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Sieve size analysis is a well-known and important tool for the characterization of powders over a wide range of materials and applications. Everything from ground coffee to abrasive material is priced and sold based on measured sieve fractions, and many reference methods require the use of sieves.
Though sieve size analysis has been around for thousands of years, it is still in wide use for a number of reasons. First, it is a simple and inexpensive tool. No complicated sample preparations are needed beyond simply pouring the powder into the top sieve. Secondly, sieves can test large amounts of powder-literally hundreds of grams. In contrast, many of the more modern and high-tech particle sizing methods, like laser light scattering, might ascertain particle size from just micrograms or milligrams of material. The statistical accuracy of sieve data will therefore be much better. Finally, sieves directly provide mass-weighted particle size distributions, something that no other technique can do.
Unfortunately, the use of sieves is very labor-intensive and involves long measurement times (after the powder is added, vibratory energy must be applied and each sieve has to be reweighed, cleaned and dried). In addition, sieving can be very problematic for fragile powders because the vibratory energy required to separate the particles can also fracture them and cause the size distribution to change. Another disadvantage with sieve size analysis is that the sieving time is one of several factors that can significantly affect the final results and must be controlled. As a result, the accuracy of sieving results can be dependent on the skills of the operator. Furthermore, the long measurement times preclude the use of sieve size analysis as a process monitoring tool.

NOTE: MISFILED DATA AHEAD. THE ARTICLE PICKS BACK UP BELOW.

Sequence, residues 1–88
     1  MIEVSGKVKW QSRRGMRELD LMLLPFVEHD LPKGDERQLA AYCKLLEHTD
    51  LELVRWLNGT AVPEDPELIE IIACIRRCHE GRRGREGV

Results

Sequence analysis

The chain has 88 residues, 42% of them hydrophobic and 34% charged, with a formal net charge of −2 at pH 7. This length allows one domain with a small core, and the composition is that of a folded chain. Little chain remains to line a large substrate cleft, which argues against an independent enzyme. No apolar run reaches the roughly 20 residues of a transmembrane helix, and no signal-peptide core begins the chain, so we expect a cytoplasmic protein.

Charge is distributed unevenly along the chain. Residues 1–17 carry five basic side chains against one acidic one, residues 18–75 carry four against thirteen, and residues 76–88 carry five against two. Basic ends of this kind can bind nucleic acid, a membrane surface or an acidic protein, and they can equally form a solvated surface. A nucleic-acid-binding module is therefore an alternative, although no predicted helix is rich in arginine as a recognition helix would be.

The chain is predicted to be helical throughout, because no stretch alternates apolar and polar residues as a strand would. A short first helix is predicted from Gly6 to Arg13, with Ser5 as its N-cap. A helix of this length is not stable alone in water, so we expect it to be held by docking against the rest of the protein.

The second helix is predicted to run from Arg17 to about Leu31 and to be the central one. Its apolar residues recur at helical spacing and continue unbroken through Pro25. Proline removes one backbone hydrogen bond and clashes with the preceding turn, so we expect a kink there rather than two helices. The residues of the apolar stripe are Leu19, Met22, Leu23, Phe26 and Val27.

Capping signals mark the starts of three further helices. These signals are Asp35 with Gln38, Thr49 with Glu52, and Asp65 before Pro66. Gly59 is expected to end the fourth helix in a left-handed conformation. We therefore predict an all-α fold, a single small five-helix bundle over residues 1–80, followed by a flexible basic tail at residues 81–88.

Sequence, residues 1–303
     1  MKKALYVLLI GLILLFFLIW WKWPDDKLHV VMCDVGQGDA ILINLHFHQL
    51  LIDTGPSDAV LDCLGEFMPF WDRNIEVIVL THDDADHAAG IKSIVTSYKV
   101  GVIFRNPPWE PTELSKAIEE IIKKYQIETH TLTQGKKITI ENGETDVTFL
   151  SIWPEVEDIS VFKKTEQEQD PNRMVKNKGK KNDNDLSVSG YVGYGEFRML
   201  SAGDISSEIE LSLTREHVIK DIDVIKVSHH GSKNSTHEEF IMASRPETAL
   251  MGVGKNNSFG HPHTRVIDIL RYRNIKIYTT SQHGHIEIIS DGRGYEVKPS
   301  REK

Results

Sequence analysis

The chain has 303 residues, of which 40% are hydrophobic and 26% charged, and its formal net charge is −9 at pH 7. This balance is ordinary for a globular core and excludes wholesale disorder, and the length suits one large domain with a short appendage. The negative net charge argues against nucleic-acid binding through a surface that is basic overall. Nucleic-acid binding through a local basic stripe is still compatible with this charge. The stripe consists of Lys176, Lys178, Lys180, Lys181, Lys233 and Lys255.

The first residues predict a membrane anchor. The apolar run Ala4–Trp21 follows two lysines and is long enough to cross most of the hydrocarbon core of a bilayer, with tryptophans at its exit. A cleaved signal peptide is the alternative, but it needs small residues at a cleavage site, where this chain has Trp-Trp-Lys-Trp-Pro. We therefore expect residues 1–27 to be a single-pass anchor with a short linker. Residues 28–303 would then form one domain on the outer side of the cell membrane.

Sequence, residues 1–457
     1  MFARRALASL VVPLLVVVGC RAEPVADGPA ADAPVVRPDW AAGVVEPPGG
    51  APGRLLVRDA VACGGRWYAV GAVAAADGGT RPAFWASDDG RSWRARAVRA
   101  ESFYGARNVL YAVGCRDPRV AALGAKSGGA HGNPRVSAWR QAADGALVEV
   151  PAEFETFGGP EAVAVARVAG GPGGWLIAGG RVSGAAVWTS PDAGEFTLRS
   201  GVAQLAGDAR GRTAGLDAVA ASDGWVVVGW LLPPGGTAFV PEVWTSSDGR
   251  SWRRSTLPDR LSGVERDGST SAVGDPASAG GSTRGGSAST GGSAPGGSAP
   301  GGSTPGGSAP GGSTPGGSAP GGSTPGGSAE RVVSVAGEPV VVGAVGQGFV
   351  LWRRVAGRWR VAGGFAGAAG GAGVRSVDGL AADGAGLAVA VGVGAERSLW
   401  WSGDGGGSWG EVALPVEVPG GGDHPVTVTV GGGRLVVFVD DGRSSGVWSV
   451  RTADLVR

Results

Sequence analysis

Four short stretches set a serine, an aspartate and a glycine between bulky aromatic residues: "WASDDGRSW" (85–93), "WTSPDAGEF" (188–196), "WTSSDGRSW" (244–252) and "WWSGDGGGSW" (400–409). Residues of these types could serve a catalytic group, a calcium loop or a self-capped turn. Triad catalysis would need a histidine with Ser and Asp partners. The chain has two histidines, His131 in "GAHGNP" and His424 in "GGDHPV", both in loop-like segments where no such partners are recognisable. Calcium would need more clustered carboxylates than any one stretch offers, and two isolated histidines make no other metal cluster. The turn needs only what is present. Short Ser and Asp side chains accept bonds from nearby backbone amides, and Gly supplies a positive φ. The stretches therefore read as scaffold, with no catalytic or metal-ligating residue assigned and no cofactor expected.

With the development of digital image capture technology and inexpensive and fast desktop computing, a new instrumental solution now exists that enables statistically accurate and fast sieve size measurements. Process engineers can monitor powder particle size on- or at-line and obtain much-improved control over the specifications of their final powder product.
Developing an Automated SolutionWhen properly implemented, the use of automated image analysis (IA) can provide actual sieve size results on a large aliquot of powder without any prior correlation with actual sieve data. Three issues had to be addressed when determining how to implement this solution. The first challenge was introducing the powder particles to the camera in a way that was fast and produced images of the particles in controlled orientations.
It is important to know that automated image analysis tools have two common configurations.1 The first configuration, dynamic image analysis (DIA), uses a conveyor belt or vibratory feeder to drop powder in front of the camera. Because the particles are under the control of gravity, only a moderate amount of material can be imaged and the orientation of the particles cannot be controlled as they fall. Thus, it is possible for flake-like particles that might normally be captured in a smaller (larger-sized) mesh sieve to be imaged from a dimension that would suggest a smaller size. The second configuration is that of static image analysis (SIA), where particles are introduced to the camera after dispersal on an optical surface. While this method provides exact orientation control, only a minute amount of material is imaged.